for Quality Project, 2002). The diabetes telemedicine collaborative in New York State (IDEATel, 2002) is a randomized controlled trial supported by CMS and others. It involves 1,500 patients, half of whom participate in home monitoring (using devices that read blood sugar, take pictures of skin and feet, and check blood pressure), intensive education on diabetes, and reminders and instructions on how to manage their disease.

The changing clinical needs of patients have important implications for government quality enhancement processes. These processes and the health care providers they monitor should be capable of assessing how well patients with chronic conditions are being managed across settings and time. This capability necessitates consolidation of all clinical and service use information for a patient across providers and sites, a most challenging task in a health care system that is highly decentralized and relies largely on paper medical records.

Patient-Centered Care

Patient-centered care is respectful of and responsive to individual patient preferences, needs, and values and ensures that patient values and circumstances guide all clinical decisions (Institute of Medicine, 2001). Informed patients participating actively in decisions about their own care appear to have better outcomes, lower costs, and higher functional status than those who take more passive roles (Gifford et al., 1998; Lorig et al., 1993, 1999; Stewert, 1995; Superio-Cabuslay et al., 1996; Van Korff et al., 1998). Most patients want to be involved in treatment decisions and to know about available alternatives (Guadagnoli and Ward, 1998); (Deber et al., 1996; Degner and Russell, 1988; Mazur and Hickam, 1997). Yet many physicians underestimate the extent to which patients want information about their care (Strull et al., 1984), and patients rarely receive adequate information for informed decision making (Braddock et al., 1999).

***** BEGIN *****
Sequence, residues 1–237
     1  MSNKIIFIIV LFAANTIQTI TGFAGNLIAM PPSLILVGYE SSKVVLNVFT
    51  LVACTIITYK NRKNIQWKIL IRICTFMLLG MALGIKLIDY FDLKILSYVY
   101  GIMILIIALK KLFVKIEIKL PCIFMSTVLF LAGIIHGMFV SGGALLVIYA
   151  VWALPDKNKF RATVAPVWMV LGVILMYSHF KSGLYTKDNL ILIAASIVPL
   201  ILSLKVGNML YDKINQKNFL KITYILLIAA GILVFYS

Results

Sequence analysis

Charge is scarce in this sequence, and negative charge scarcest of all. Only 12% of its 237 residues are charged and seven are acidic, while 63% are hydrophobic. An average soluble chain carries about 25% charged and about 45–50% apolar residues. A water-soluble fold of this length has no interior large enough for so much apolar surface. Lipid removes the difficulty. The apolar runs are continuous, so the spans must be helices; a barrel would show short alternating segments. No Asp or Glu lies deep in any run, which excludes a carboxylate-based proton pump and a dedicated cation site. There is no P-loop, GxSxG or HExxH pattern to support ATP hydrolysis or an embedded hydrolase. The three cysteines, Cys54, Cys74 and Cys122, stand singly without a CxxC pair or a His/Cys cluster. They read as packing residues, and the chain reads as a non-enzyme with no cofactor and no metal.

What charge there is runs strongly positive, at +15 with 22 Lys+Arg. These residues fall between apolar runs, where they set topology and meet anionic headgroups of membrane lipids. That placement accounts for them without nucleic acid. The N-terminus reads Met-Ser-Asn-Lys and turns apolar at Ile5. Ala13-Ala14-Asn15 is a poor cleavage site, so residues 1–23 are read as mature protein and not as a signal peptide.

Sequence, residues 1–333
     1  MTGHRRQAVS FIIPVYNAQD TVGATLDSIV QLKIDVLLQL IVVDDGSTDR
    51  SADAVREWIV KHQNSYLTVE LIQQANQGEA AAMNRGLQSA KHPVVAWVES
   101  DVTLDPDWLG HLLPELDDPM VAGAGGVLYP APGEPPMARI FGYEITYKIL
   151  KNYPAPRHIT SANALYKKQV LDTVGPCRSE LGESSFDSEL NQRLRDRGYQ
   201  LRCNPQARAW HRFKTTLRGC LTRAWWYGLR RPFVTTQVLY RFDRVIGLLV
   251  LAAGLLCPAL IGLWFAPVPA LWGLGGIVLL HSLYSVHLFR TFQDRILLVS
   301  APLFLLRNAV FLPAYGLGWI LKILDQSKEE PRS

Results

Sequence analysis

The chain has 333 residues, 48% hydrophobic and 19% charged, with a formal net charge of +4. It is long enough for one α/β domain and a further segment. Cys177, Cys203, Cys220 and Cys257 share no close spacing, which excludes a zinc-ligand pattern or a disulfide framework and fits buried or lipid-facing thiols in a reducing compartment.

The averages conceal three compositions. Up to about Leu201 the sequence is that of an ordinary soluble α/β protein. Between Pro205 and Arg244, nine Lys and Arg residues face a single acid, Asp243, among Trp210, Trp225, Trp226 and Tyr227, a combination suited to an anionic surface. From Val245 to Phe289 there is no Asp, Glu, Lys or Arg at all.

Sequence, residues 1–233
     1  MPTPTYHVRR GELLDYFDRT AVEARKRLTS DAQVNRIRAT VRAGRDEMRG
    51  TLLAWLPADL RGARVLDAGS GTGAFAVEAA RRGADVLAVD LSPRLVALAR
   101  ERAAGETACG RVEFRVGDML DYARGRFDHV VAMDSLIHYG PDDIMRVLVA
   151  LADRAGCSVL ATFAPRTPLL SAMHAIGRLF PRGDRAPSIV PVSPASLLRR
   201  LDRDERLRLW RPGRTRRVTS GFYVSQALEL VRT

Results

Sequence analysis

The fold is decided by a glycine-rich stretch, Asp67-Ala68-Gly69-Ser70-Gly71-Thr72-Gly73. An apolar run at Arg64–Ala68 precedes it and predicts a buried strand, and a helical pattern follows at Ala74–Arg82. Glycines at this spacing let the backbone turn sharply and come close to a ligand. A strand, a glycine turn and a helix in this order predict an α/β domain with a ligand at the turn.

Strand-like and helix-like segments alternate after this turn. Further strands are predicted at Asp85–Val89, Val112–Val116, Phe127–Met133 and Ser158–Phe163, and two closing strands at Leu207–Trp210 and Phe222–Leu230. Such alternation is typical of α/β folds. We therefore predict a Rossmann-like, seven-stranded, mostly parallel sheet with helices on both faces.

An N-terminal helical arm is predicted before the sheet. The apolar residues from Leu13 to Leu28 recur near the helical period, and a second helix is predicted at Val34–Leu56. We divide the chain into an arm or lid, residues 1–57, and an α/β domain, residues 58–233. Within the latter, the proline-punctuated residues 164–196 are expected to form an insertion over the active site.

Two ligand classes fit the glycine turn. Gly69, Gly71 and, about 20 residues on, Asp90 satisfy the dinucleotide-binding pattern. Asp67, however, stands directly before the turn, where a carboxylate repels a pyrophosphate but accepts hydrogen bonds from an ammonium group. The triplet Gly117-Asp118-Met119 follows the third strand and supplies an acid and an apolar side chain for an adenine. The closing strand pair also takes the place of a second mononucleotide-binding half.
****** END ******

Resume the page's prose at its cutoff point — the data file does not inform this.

Patient-centered care is not a new concept, rather one that has been shaping the clinician and patient relationship for several decades. Authoritarian models of care have gradually been replaced by approaches that encourage greater patient access to information and input into decision making (Emanuel and Emanuel, 1992), though only to the extent that the patient desires such a role. Some patients may choose to delegate decision making to clinicians, while patients with cognitive impairments may not be capable of participating in decision making and may be without a close family member to serve as a proxy. Patients may also confront serious constraints in terms of covered benefits, copayments, and ability to pay (discussed below under benefits and copayments)

The recently released physician charter by the American Board of Internal Medicine (ABIM) Foundation, the American College of Physicians-



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